David Lynch is an icon, and that isn’t an opinion.
The surrealist filmmaker had a glorious three decade career on the silver screen, baffling audiences with the weird and wonderful, the downright incomprehensible… and The Straight Story. Immediately following another road movie in his usual depraved style, (1997’s Lost Highway) the revered director opted to give us all the Disney-presented, U-rated, almost anti-‘Lynchian’ project, The Straight Story; the wonderfully uncomplicated movie none of us knew we wanted yet.
Displayed here is true story of Alvin Straight (portrayed by the late Richard Farnsworth, in his final role): a man on a mission across the Midwest to visit his estranged brother, recently taken ill. The issue however, is that Alvin no longer has a driver’s license due to his own poor health, and decides to undertake the 260 mile trek from Laurens, Iowa to Mt. Zion, Wisconsin atop a 1966 John Deere lawnmower, over the course of six weeks.
The auteur style of Lynch has always been fixated with presenting the symbols of Americana bright and glistening, and this is no exception. There’s no twist in this road though, no seedy underbelly to juxtapose; The Straight Story is just about as wholesome a depiction of those images as it gets. The American Midwest is as much a character in this movie as Alvin, and we get to know the rolling scapes and the intoxicating spirit of the people behind them. The preposterous nature of the feat seems to bring out the warmth in people… they seem to scale it into their own lives and become all too eager to help. The mower is even brought back from a state of near total disrepair by those keen to see the arduous voyage completed.
A huge cornerstone of the film (and apparently one of the biggest changes from the real life trip) is the wit and wisdom Alvin shares with the kindly strangers that gravitate toward him. The best and most memorable example of these exchanges is the bar conversation with a fellow World War II veteran who also never quite readjusted back home: “That’s one thing I can’t shake loose. All my buddies faces are still young”.
The two share horror stories of their time in service in a heartbreaking set piece, adding yet another dimension to Mr. Straight’s plight… he’s incredibly familiar with how quickly life can irrevocably change. Death and the things that make us feel most alive (not that those are mutually exclusive) are concepts explored more than any throughout the duration, and everybody chips into the conversation about what fills their little lives in some way or another.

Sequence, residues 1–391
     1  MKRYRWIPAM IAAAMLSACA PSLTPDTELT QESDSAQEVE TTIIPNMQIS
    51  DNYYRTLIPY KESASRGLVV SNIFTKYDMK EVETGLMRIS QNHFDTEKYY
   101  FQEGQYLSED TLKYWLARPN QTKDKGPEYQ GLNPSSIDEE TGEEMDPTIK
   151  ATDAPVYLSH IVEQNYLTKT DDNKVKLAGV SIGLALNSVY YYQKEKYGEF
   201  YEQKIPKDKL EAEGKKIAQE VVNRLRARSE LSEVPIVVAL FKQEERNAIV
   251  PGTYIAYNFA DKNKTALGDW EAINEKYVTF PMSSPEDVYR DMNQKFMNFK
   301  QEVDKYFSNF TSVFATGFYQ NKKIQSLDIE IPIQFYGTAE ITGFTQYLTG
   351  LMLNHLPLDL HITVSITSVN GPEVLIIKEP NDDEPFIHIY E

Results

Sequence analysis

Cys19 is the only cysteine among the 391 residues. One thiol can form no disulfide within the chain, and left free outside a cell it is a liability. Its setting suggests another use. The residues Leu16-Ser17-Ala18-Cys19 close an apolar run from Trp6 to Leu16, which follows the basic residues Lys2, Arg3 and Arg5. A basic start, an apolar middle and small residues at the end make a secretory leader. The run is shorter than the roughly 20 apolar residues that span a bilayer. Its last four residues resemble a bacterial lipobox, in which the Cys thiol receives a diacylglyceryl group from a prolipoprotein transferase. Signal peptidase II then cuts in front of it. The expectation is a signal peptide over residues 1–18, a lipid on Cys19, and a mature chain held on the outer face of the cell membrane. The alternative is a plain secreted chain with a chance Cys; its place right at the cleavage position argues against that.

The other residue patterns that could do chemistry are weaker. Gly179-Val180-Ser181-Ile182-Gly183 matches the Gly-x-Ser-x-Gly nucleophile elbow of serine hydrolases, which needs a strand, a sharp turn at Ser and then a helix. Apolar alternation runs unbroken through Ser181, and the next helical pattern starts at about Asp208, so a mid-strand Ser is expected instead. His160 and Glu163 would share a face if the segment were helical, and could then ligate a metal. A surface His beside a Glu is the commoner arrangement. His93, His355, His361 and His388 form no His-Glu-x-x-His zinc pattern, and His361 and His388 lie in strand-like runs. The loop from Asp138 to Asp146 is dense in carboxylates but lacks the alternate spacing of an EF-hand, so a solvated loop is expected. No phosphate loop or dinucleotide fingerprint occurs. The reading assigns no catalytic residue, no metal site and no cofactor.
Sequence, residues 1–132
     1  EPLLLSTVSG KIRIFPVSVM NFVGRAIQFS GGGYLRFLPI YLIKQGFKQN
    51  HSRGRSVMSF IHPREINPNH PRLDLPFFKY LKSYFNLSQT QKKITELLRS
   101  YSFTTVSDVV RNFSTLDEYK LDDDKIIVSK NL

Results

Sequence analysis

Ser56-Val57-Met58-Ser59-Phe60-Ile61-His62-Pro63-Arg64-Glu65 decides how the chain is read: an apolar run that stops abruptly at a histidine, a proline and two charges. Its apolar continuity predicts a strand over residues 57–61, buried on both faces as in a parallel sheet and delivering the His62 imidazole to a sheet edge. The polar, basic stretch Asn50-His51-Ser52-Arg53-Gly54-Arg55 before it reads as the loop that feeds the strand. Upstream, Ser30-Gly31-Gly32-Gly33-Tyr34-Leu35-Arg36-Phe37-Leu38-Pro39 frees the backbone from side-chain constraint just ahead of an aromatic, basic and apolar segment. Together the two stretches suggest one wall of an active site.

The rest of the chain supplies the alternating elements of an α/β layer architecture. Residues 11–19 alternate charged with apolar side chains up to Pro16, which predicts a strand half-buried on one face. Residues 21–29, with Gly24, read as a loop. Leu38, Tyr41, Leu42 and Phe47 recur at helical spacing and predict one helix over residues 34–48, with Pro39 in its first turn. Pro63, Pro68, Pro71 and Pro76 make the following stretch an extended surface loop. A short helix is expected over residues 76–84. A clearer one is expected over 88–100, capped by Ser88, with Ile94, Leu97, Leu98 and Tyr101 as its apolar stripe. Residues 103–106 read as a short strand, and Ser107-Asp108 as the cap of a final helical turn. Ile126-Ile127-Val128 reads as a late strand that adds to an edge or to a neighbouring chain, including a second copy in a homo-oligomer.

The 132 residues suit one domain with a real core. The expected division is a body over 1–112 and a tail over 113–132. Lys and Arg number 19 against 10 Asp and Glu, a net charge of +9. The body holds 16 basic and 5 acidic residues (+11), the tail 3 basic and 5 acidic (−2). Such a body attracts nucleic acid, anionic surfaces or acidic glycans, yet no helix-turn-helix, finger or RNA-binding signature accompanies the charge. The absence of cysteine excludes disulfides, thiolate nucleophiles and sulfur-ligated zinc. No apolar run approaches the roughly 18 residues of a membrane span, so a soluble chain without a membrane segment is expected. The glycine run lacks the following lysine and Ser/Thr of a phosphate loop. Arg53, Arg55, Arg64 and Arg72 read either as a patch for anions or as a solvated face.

Sissy Spacek (of Carrie fame) turns in a killer supporting performance as Rosie Straight, our protagonist’s rightfully concerned daughter, a woman with learning difficulties fallen on hard times of her own: the state has deemed her unfit to look after her children. The reiteration of the importance of enduring family life isn’t exactly subtle, but it’s a theme placed with precision and handled with masterful tact. Even in his more chaotic works, Lynch has always loved a punch to the heart… there are many here.
Despite the film having a fairly modest run time, everything shot has a chance to breathe, in a very fitting way for this absolute celebration of life. The ultimate reuniting with brother Lyle is almost unnecessary by the time you get there; the tapestry of interactions across the film has achieved enough already to send you home happy with something in your heart. The scene delivers nonetheless, short and to the point… it breathes, and then it’s over.
The Straight Story is one of those movies I would recommend to anyone. It’s one of those rare features that garnered outstanding critical acclaim at the time, but wound up unspoken of after the dust had settled. Maybe because it’s the least ambitious delivery in the Lynch catalogue, or that it deviates from his usual bizarre tone so much… but when you get things this right, its praises deserve to be sung and sung again. At its core, it’s so much about what we value and the lengths we’d go to to nurture that; a conversation worth having with yourself both at 19 and 99. There’s no real summation message… no five minute ‘meaning of life’ monologue meant to talk you through what you were meant to take on board, and that’s my favourite element of it all… I actually think that’s the point. There is just the journey. Enjoy it.